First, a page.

Associate Research Fellow
Nelly Bekus is a scholar with interests in state and nation-building under socialism and post-socialism, the role of cityscape in the construction of post-socialist identity, and the religious and the ethno-linguistic landscape in post-Soviet nations. She completed her PhD in 2007 at the Graduate School for Social Research, Polish Academy of Sciences, worked as an Assistant Professor at the University of Warsaw (2008-2012), and is currently an Associate Research Fellow in the History Department at the University of Exeter.
She is the author of one of the most important works on Belarussian identity: Struggle over Identity. The Official and the Alternative “Belarusianness” (Central European University Press, 2010).
She has also been in receipt of a number of prestigious scholarships, at the Institute of Human Sciences in Vienna (2003), the Remarque Institute, NYU (2007), and, most recently, as a Postdoctoral Research Fellow at the Davis Center for Russian and Eurasian Studies at Harvard University (2012-13).
Her research addresses the ways in which the systemic transformation of former Soviet republics has been reflected in the urban development of their capital cities, and how socialist urban habitus have been adapted to reflect altered political and social settings after the fall of socialism. It aims to connect macro and micro processes, examining how aspects of post-socialist transformation globally impacted upon urban landscapes; how post-Soviet national elites rework socialist legacies in the production of nationalized urban spaces; and how these shifts influence the practices and lived experiences of city-dwellers. The project is planned as a cross-disciplinary study, combining sociological and anthropological approaches to the study of changing and/or lasting socialist patterns of relations between state and space.
Whilst aiming to develop broader approaches to the post-socialist city, her own focus will be on the cases of Minsk (Belarus) and Astana (Kazakhstan). These countries represent two examples of post- Soviet states whose transformation did not follow the path towards consolidated democracy, but instead resulted in the establishment of authoritarian rule. Moreover, they have since 2010, become joined in a Customs Union (together with Russia) and have become involved in a project of Eurasian integration. This geopolitical choice can be seen both as an articulation of the countries’ strategies for further development and a manifestation of their civilizational identities, as formulated by ruling elites – although these narratives of identity are often contested by alternative political and cultural practices. This choice, in turn, appears to predetermine the patterns of relations between urban space, power and ideology in their capital cities.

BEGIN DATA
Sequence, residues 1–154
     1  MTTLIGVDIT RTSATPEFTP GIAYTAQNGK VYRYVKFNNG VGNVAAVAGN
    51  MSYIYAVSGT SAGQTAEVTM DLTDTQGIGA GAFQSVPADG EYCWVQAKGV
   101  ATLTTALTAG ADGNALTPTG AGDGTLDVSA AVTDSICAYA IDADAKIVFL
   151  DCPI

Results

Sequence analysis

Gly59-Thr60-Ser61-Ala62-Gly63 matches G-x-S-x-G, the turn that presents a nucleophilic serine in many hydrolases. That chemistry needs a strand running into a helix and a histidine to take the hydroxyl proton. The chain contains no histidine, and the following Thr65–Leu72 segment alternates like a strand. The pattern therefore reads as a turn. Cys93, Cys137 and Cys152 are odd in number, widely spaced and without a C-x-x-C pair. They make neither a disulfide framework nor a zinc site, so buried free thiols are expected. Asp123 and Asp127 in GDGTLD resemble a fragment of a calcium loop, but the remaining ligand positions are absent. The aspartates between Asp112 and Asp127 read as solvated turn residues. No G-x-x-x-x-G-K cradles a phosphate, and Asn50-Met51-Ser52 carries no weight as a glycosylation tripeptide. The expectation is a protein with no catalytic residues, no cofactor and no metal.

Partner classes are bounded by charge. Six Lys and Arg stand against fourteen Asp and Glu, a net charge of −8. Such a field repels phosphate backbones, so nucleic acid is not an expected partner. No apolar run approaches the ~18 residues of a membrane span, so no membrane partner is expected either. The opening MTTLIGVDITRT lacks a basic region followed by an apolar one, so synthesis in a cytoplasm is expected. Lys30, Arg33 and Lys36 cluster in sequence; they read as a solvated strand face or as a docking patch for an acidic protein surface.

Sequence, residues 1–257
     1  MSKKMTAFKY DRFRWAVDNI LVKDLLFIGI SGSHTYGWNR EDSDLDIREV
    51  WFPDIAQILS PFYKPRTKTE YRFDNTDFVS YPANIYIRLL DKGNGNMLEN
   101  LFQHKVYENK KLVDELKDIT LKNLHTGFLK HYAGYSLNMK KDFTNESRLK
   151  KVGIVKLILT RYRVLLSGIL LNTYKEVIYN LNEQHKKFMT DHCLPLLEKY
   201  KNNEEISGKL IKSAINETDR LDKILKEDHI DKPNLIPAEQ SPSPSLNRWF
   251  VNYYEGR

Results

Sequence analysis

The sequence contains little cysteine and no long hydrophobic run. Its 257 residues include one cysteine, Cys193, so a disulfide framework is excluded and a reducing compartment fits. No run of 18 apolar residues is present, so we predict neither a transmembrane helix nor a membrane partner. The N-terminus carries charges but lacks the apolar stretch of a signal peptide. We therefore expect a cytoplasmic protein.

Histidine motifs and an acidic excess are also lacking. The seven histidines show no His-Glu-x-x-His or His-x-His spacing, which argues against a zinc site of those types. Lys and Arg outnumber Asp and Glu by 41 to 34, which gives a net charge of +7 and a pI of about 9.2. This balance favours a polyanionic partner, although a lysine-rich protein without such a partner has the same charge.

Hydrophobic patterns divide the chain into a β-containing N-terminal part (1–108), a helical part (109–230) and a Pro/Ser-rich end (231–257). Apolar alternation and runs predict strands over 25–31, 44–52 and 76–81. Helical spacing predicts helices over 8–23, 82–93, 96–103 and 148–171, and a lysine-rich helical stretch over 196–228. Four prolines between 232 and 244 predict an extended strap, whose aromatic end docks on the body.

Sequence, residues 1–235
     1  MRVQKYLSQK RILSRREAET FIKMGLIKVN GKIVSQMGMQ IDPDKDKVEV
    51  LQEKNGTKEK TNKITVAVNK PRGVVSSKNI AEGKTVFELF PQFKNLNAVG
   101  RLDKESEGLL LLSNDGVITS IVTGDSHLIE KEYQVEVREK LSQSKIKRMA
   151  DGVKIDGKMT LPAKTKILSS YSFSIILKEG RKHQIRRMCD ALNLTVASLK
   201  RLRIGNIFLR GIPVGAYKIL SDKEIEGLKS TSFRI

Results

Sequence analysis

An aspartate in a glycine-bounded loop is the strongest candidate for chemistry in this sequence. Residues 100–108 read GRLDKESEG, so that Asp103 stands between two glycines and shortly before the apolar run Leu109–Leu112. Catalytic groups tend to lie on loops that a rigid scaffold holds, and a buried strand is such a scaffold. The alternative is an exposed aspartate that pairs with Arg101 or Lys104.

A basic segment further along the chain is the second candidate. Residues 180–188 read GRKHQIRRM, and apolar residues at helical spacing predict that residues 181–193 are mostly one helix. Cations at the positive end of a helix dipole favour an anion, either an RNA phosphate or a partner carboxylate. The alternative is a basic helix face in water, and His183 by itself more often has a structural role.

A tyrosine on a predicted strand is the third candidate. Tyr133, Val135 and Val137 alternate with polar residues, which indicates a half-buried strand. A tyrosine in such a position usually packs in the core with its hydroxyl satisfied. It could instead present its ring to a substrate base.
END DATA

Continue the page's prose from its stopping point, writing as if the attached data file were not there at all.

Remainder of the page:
Belarus and Kazakhstan share a similar approach to the ideological function of city as an element of the symbolic-ideological reshaping of society. The capital cities in both countries have been transformed into “townscapes of power” which embody the imaginary environments as conceived by political elites, and can be analyzed in the context of broader theoretical debates about the role of strong states in shaping urban space in the context of state modernization in the Middle East, China and Latin America.
The research project will contribute to a wider scholarly debate on the phenomenon of socialist cities and how their transforming landscapes affect the post-socialist experiences of city-dwellers and their perceptions of the socialist past. Strategies of urban post-socialist transformation were largely based on the full or partial adoption of the model of “the Western city” and produced phenomena such as socio-spatial stratification, gentrification, automobilization, suburbanization, etc. This project will explore the afterlife of second world urbanism in new political and social settings and make important interventions into debates over changing patterns of urban development in the context of globalization.
Struggle over Identity. The Official and the Alternative “Belarusianness” (Central European University Press, 2010)[Top]